Health savings accounts in the United States of America

Sherry A. Glied, Dan P. Iy, Lawrence D. Brown

Research output: Chapter in Book/Report/Conference proceedingChapterpeer-review

Abstract

The medical savings account model of health insurance in the United States combines a high-deductible health insurance plan A high-deductible health plan is an insurance plan under which the beneficiary is responsible for a substantial amount of expense (the deductible) before the insurer begins paying benefits. US federal law as of 2015 requires a deductible of at least US$1300 for single coverage and US$2600 for family coverage for health saving account-qualified high-deductible health plans (). with a dedicated savings account used to pay expenses incurred below the deductible. Savings in the plan can roll over from one year to the next and, after some predefined period during which they are dedicated to health spending, can be used for non-health-related expenses. Use of savings for non-health expenses before this predefined period (age 65 under current law), incurs a tax and 20% penalty. In principle, this model combines the incentives for frugal use of health services that exist in high-deductible health insurance with assurance that the funds required in the event of true medical need will be available.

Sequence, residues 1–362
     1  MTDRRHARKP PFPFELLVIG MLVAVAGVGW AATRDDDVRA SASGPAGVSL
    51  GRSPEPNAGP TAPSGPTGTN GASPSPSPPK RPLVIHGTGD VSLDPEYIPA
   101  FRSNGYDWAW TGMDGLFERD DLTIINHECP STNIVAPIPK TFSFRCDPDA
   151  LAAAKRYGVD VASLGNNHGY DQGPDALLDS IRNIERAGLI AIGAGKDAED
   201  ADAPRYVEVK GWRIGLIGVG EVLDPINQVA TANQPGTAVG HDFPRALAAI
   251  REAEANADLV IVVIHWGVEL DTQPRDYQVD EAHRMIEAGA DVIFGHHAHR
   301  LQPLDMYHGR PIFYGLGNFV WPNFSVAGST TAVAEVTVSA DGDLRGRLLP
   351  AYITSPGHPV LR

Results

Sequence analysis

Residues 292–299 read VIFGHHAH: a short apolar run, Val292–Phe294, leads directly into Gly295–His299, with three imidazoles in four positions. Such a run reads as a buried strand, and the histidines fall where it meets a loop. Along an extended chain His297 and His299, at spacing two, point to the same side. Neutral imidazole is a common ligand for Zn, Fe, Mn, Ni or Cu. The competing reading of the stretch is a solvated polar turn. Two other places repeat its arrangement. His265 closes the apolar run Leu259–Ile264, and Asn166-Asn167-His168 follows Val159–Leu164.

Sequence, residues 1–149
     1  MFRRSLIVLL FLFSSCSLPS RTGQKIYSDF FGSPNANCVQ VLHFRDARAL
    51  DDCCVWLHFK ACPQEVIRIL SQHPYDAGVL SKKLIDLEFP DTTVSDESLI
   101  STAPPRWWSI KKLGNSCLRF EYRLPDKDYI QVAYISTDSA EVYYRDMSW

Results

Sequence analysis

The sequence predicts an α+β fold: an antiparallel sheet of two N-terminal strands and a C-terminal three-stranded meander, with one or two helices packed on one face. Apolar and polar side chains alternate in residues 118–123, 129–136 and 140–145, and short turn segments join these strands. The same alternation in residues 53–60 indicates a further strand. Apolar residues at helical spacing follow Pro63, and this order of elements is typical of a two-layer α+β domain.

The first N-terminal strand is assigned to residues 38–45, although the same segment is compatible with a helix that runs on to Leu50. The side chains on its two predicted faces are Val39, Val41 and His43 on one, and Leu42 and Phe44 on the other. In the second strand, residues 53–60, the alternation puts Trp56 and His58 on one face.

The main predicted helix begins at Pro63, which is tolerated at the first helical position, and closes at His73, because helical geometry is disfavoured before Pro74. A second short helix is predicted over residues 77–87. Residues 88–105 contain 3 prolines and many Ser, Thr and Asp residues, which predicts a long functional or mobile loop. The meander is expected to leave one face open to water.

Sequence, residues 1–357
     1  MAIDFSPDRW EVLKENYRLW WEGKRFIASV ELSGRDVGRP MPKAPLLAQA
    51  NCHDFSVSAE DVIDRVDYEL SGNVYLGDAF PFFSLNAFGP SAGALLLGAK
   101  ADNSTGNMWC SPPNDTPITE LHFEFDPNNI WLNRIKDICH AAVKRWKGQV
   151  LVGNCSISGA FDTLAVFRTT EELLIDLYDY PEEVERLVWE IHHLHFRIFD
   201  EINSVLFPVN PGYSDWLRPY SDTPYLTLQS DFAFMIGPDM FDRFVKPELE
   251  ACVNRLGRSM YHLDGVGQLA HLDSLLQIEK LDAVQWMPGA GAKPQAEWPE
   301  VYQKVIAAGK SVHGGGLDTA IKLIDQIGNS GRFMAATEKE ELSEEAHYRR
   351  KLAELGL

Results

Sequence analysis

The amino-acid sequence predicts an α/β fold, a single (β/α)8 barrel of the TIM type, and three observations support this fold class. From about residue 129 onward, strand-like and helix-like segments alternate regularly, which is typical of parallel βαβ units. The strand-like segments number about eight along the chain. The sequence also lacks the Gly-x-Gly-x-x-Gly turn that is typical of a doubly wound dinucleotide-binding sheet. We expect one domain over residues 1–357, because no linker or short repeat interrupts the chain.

Original languageEnglish
Title of host publicationPrivate Health Insurance
Subtitle of host publicationHistory, Politics and Performance
PublisherCambridge University Press
Pages525-551
Number of pages27
ISBN (Electronic)9781139026468
ISBN (Print)9780521125826
DOIs
StatePublished - 1 Oct 2020
Externally publishedYes

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